So it gives me great pleasure to dedicate this to his memory.

Thank you so much, but I believe I can manage.

Freedom for the Newport Chartists!

Freedom for the Chartists!

Lord Alfred, I believe the Queen is leaving. Will you escort her and the Duchess?

With pleasure.

Lord Melbourne, may I have a word?

Can it wait?

I think not.

I wish to talk to you about my niece.


You must admit, I think, that the sooner she is married the better.

Her reign so far has been troubled.

A husband, children, could steady her giddiness...

I do not see the urgency for her to marry.

It is more important, I think, that she chooses wisely.

There could be no better choice than her cousin Albert.

He takes after me in so many ways and he is, of course, the same age as her.

I do not believe she took to him the last time they met.

Victoria will change her mind, but only, I think, if she understands that such a marriage is in her best interest.

I believe, my Lord, you could persuade her of that.

I think you exaggerate my influence, Sir.

I have seen the way my niece looks at you.

Ah, the complicated Miss Skerrett.

Are you now a... er... laundry maid as well as a dresser?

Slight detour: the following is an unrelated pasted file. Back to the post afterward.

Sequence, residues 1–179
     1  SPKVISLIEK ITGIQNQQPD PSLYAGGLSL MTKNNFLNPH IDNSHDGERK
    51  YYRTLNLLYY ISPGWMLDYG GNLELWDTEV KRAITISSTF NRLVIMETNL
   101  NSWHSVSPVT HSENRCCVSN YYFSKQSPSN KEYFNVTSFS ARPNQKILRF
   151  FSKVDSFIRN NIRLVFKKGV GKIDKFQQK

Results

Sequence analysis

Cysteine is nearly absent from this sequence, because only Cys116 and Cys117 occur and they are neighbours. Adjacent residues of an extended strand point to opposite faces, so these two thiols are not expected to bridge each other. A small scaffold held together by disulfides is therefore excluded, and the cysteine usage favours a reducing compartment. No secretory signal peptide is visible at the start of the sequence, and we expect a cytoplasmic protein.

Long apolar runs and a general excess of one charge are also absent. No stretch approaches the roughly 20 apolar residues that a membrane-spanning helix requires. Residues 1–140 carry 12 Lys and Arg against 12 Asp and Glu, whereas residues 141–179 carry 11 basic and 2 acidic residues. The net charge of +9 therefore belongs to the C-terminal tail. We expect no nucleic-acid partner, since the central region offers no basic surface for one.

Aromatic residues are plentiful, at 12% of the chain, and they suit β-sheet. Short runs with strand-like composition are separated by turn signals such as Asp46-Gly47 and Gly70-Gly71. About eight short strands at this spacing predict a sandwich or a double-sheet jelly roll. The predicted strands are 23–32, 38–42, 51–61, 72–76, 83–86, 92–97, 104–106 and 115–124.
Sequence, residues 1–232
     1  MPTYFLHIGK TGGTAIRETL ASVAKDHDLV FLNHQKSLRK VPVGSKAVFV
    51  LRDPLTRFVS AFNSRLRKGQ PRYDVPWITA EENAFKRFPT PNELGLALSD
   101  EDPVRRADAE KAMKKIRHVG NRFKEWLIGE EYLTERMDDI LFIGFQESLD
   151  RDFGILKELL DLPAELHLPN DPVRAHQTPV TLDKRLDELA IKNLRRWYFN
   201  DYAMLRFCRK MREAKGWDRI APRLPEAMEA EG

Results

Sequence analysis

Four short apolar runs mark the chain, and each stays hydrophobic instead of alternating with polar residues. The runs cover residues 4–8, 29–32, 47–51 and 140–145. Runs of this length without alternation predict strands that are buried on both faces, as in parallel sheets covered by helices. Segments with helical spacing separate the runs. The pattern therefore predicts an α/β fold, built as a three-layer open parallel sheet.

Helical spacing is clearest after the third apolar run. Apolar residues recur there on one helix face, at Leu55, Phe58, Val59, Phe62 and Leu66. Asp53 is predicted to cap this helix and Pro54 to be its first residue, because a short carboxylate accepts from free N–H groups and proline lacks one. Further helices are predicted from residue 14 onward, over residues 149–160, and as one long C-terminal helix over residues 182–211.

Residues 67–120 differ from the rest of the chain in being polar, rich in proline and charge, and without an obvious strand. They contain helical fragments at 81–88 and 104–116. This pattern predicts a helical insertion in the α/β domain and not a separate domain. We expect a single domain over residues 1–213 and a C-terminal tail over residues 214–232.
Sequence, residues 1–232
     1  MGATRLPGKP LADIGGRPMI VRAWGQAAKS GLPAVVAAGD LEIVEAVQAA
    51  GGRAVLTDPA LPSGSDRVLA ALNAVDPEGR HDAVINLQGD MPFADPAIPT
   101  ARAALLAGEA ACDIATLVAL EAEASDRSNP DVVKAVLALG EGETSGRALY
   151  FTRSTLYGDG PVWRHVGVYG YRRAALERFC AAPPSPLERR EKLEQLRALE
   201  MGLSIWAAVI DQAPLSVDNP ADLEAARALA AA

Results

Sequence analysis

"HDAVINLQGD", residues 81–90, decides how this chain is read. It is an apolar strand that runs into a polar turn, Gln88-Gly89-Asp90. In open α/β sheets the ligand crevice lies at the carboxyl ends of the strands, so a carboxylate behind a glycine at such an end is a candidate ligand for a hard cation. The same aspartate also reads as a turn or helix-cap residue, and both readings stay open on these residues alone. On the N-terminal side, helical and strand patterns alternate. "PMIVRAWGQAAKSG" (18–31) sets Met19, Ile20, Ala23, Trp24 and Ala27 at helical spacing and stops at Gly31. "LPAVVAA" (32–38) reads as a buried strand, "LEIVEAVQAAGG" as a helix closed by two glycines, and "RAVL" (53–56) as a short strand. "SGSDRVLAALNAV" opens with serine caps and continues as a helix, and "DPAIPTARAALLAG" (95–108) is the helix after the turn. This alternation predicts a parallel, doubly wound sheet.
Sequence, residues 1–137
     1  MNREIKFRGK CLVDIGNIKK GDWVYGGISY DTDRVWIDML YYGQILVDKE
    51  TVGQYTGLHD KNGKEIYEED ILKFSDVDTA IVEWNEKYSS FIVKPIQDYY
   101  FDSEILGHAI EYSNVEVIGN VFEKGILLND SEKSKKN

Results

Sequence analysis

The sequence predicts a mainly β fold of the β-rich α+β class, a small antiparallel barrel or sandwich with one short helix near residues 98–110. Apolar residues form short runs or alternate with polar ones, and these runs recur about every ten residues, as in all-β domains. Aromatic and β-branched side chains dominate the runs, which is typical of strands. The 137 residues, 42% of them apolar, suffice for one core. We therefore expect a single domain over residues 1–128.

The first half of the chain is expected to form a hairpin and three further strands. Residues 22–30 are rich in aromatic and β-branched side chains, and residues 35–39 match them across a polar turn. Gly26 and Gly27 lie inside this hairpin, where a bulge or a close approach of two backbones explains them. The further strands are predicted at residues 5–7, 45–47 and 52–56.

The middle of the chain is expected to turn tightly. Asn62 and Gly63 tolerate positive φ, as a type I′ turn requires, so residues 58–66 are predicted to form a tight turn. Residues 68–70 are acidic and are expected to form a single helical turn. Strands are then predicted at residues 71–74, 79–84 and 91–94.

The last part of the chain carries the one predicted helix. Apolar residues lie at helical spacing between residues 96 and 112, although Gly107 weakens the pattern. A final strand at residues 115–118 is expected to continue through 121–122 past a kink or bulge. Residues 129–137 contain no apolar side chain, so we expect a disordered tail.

The laundry maid has sprained her ankle, so I thought I'd take these down myself.

When are you going to smile on me, Miss Skerrett?

If you come down to the kitchen, I've made some sweet meats, just for you.

You know, I used to send them, to the nunnery. I believe they were much appreciated there.

But I do not have a sweet tooth, Mr Francatelli.

Whatever I was before I came here is my own business.

I trust you've recovered from yesterday, Ma'am.

The impudence of the Chartists.

I thought they looked hungry rather than dangerous.

Where is Lord M? I thought he should be here by now.

Is he indisposed?

Oh, no, Ma'am, he's quite well.

Then why isn't he here?

He has gone to Brocket Hall.

Emma, your carriage is unmarked, I believe.

Ah, it is you, Ma'am. I couldn't tell.

The butler said you would be here.

I come here for the rooks.

They're sociable animals.

A gathering like this is called a parliament.

Altogether more civilised than their human equivalent.

I'm sorry to disturb you, Lord M... but I had to talk to you.

Brocket Hall is honoured, Ma'am.

I have come here incognito, of course. - Of course.

But your presence cannot be entirely disguised.

Yesterday I realised something.

Yes, Ma'am?

I think perhaps now...

I'm speaking as a woman and not as a queen.

At the beginning... I thought that you were the father I never had.

But now I feel, I know... that you are the only companion I could ever desire.

Did you know that... that rooks mate for life?

Every year, they... they build their nests together... renew all those little civilities that... make a marriage sparkle.

I think we could learn much from them.

If I had just spent more time watching the rooks... my wife would have felt more attended to.

She should never have left you.

I would never do such a thing.


I believe when you give your heart it will be without hesitation.